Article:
Review: Romeo and Juliet (Chicago Shakespeare, 2017)

| August 7, 2017

Emma Ladji and Nate Santana star as Juliet and Romeo at Chicago Shakespeare in the Park           
       

Romeo and Juliet

Written by William Shakepeare   
Adapted, Directed by Marti Lyons
at various parks (performance schedule)
thru Aug 27  |  tix: FREE  |  more info
       
Check for half-price tickets   
     


    
  

Sweet introduction to Shakespeare

  

Romeo and Juliet at Chicago Shakespeare in the Park 2017

    
Chicago Shakespeare Theater presents
    
Romeo and Juliet

   
Review by Lauren Whalen

On a hot summer night, a lawnful of people at Navy Pier’s new Polk Bros. Park gathered to enjoy an evening of Shakespeare. I ran into a fellow alum of Loyola University Chicago’s theater department, as well as a hometown acquaintance who’d brought his summer literature class. Families with small children sat in front of and behind me, and couples and singletons alike spread out picnics on blankets. In today’s worrisome political climate, where nothing is certain and human rights are at stake on a daily basis, the sight of so many people at opening night of Romeo and Juliet was heartening to say the least. As always, Chicago Shakespeare Theater delivers, their free outdoor production of the star-crossed lovers’ tale a sweet delight.

Nate Santana and Emma Ladji star as Romeo and Juliet, Chicago ShakespeareDirector Marti Lyons also adapted the script, trimming Shakespeare’s five-act play to just 70 minutes, that’s manageable and friendly to all ages. The basic story remains the same: brooding teenager Romeo (Nate Santana) meets thoughtful Juliet (Emma Ladji) at a party and it’s love at first sight. The only catch: their families are lifelong sworn enemies. Undeterred, the two teens woo and marry in secret, but trouble quickly arises when Juliet’s combative cousin Tybalt (Sam Pearson) picks a fight that results in bloodshed, with Romeo banished from his home. Meanwhile, Juliet’s parents are set on arranging her marriage to Count Paris (Andrew L. Saenz), unaware that she’s already in love and legally wed.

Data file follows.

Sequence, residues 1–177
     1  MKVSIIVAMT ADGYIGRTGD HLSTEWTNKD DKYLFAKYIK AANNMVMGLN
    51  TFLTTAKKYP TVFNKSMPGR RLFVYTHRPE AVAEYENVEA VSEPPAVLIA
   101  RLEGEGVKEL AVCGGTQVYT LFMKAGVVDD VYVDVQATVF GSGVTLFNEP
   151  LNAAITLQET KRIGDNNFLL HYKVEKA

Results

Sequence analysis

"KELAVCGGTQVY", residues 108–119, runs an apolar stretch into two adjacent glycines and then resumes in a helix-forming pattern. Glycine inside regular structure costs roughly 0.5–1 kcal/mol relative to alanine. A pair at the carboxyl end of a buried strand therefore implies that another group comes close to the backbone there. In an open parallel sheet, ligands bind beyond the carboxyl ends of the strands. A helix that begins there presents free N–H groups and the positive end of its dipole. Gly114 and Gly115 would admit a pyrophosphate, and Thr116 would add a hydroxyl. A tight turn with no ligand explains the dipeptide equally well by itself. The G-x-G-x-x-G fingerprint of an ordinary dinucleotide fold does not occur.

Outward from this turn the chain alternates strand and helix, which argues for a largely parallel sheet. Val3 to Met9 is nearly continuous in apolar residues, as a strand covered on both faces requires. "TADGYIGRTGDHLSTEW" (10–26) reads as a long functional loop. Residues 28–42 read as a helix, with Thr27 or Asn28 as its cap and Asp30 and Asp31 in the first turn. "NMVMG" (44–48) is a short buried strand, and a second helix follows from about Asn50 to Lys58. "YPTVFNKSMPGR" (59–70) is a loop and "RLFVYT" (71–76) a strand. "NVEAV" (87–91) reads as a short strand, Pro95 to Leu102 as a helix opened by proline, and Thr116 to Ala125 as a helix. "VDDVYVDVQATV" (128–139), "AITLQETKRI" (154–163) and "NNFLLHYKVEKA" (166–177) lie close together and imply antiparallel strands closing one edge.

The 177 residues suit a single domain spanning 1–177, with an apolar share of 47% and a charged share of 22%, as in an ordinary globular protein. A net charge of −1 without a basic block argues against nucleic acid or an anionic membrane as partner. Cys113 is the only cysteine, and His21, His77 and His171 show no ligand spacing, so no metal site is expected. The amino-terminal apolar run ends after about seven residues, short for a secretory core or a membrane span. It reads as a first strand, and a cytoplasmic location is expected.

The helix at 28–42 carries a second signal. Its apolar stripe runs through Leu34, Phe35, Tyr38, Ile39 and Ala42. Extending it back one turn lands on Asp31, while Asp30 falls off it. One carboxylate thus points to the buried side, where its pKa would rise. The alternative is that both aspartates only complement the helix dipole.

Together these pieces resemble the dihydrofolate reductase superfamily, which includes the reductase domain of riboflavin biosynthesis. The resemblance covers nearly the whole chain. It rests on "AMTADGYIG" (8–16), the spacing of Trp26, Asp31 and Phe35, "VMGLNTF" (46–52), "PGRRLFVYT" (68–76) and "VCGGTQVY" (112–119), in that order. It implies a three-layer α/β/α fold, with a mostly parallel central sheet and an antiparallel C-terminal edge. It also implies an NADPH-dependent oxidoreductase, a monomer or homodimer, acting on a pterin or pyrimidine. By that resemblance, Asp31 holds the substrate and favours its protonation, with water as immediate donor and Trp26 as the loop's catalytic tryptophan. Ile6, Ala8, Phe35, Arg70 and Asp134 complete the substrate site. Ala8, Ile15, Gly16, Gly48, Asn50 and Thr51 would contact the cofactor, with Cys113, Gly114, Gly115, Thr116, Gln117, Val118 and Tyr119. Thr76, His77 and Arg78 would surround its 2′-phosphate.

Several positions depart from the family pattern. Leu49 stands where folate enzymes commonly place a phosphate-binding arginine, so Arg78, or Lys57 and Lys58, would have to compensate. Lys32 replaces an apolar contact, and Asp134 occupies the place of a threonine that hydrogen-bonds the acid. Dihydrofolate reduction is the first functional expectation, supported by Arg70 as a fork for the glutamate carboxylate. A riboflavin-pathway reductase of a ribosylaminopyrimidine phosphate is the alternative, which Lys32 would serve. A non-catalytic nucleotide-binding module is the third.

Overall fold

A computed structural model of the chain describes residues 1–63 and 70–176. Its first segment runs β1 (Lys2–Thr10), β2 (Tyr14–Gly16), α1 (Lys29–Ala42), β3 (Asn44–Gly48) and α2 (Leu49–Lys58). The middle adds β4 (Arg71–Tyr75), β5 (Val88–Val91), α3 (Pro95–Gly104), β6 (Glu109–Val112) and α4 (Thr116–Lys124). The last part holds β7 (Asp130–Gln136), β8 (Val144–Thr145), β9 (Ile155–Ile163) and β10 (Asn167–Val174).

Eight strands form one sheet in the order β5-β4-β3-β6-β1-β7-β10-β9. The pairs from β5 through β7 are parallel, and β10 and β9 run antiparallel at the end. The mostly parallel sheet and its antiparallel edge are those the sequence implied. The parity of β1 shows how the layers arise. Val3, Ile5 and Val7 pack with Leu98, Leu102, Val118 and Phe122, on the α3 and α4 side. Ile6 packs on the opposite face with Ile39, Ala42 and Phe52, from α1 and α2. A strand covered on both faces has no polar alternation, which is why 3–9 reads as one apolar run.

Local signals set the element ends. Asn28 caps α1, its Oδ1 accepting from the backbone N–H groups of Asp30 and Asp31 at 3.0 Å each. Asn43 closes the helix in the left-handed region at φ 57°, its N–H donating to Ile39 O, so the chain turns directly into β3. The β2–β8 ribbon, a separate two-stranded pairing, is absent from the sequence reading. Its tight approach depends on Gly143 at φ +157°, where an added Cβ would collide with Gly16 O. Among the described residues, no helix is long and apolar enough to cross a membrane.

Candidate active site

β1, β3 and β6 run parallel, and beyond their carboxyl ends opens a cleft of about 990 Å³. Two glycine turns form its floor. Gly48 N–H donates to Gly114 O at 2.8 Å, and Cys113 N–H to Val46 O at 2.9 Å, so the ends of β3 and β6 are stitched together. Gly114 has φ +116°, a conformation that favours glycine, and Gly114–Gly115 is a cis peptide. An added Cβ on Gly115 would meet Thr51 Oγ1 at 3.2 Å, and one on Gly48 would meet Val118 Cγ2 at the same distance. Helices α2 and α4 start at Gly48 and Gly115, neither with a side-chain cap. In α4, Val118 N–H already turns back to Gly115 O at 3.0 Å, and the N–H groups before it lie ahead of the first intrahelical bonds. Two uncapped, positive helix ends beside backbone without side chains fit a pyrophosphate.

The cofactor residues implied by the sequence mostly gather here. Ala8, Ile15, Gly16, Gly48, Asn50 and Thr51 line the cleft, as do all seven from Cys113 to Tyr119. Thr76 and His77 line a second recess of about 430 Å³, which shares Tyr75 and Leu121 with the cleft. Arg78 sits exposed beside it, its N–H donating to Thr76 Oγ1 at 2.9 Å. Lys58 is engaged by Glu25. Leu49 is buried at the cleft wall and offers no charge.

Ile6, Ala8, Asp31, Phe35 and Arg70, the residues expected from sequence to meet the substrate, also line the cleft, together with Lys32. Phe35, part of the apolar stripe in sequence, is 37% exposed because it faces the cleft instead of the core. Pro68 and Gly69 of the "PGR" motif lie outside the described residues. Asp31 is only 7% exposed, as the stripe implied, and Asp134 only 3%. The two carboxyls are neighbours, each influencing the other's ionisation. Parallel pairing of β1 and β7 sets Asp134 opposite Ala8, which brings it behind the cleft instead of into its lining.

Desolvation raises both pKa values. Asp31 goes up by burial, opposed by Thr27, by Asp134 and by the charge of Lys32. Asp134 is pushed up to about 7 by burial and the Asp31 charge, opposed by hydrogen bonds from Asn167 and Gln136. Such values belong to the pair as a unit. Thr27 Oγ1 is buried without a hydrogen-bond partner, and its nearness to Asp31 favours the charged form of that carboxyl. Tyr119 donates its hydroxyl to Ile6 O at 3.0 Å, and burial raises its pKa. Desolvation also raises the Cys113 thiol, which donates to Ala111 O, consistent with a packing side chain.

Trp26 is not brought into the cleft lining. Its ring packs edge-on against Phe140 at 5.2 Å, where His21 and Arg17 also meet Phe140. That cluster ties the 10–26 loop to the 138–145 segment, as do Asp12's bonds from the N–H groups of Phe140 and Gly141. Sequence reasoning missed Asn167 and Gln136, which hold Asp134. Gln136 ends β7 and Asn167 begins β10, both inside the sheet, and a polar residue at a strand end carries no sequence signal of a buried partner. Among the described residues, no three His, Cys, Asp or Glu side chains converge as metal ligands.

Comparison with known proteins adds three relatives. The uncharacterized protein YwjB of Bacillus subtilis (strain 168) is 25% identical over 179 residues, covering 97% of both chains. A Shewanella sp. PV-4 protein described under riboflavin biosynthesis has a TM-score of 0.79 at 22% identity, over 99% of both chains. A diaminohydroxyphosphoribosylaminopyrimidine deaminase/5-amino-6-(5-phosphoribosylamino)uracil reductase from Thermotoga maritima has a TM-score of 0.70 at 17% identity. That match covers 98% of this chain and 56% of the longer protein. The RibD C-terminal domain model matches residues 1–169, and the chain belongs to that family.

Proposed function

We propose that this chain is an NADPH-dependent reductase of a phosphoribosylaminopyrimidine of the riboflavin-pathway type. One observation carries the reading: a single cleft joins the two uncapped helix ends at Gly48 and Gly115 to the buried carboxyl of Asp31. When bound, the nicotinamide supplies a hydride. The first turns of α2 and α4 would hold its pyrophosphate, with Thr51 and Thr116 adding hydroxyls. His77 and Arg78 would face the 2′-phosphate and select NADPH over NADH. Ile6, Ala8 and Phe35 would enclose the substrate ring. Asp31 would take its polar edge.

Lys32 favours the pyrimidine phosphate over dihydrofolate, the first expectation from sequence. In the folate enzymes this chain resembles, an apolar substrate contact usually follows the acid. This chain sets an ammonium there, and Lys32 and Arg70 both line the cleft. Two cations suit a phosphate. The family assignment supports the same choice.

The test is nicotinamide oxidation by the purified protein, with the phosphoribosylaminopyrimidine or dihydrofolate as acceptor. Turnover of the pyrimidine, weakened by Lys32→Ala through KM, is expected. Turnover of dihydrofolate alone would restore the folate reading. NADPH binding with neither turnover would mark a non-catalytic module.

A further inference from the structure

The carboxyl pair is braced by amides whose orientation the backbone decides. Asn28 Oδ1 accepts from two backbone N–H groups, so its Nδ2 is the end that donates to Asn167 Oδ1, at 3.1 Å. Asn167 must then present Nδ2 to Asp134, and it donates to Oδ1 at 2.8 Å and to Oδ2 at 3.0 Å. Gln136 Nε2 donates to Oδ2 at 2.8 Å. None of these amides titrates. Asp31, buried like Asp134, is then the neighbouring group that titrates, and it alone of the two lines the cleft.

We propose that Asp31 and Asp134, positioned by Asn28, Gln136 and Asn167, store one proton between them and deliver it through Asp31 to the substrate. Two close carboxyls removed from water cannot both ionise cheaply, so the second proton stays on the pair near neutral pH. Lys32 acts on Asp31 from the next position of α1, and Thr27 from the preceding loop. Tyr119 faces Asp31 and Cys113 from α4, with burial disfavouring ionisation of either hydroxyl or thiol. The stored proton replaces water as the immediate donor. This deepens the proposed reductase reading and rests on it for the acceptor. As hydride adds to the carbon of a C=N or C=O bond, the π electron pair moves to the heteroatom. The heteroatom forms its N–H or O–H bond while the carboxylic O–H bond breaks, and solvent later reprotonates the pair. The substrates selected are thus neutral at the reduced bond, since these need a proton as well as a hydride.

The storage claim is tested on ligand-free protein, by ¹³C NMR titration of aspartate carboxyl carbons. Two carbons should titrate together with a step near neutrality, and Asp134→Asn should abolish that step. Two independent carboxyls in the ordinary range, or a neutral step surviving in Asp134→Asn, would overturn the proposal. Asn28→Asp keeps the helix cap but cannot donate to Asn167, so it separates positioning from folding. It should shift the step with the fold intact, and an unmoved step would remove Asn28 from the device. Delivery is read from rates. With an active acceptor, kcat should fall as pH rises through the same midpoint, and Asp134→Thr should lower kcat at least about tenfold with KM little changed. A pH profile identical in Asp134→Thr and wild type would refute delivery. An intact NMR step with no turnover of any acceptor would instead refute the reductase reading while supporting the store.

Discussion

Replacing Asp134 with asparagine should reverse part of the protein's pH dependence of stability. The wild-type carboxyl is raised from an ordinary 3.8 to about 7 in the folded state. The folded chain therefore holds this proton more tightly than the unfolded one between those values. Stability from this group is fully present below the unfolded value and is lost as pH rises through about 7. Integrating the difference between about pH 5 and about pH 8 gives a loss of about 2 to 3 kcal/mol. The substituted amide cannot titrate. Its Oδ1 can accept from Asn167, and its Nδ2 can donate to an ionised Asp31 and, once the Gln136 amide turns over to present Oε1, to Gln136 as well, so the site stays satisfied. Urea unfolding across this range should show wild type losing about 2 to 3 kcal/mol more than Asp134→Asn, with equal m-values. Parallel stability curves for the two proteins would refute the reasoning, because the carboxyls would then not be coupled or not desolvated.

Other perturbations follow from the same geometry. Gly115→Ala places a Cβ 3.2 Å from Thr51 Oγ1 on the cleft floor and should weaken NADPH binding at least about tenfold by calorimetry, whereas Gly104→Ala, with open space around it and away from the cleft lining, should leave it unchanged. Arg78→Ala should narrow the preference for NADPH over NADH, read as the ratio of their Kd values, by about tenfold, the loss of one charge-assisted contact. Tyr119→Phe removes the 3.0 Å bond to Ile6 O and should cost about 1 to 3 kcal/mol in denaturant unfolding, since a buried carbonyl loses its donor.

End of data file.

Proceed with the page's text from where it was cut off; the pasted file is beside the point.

Lyons’ adaptation is fresh and lovely, keeping the show’s “greatest hits” without sacrificing the building emotions that eventually destroy the protagonists’ good and pure intentions. Her direction is energetic, showcasing the best of each actor, and the balcony scene has more than a spot of teenage goofiness, true to the characters’ ages and lack of experience with love; one of the truest balcony scenes I’ve ever witnessed. (Ditto the wedding scene, not presented in every production but interpreted here with a bittersweet poignancy.) Actors periodically enter from and interact with the audience, giving the play a humorous “we’re all in this together” feel without compromising its eventual intensity. There’s just enough stage combat to keep things interesting (kudos to fight choreographer Matt Hawkins) and Mikhail Fiksel’s sound design is an innovative blend of classic and contemporary. Courtney O’Neill’s set design is simple but beautiful, as are Mieka van der Ploeg’s Elizabethan-inspired costumes and masks.

Shae Palic, Sam Pearson, Andrew Saenz and Edgar Miguel Sanchez star in Romeo and JulietNate Santana stars as Romeo in Romeo and Juliet, Chicago Shakespeare in the Park Emma Ladji, starring as Juliet, mingles with the crowd, Romeo Juliet, Chicago ShakepseareNate Santana and Emma Ladji star as Romeo and Juliet by Chicago Shakespeare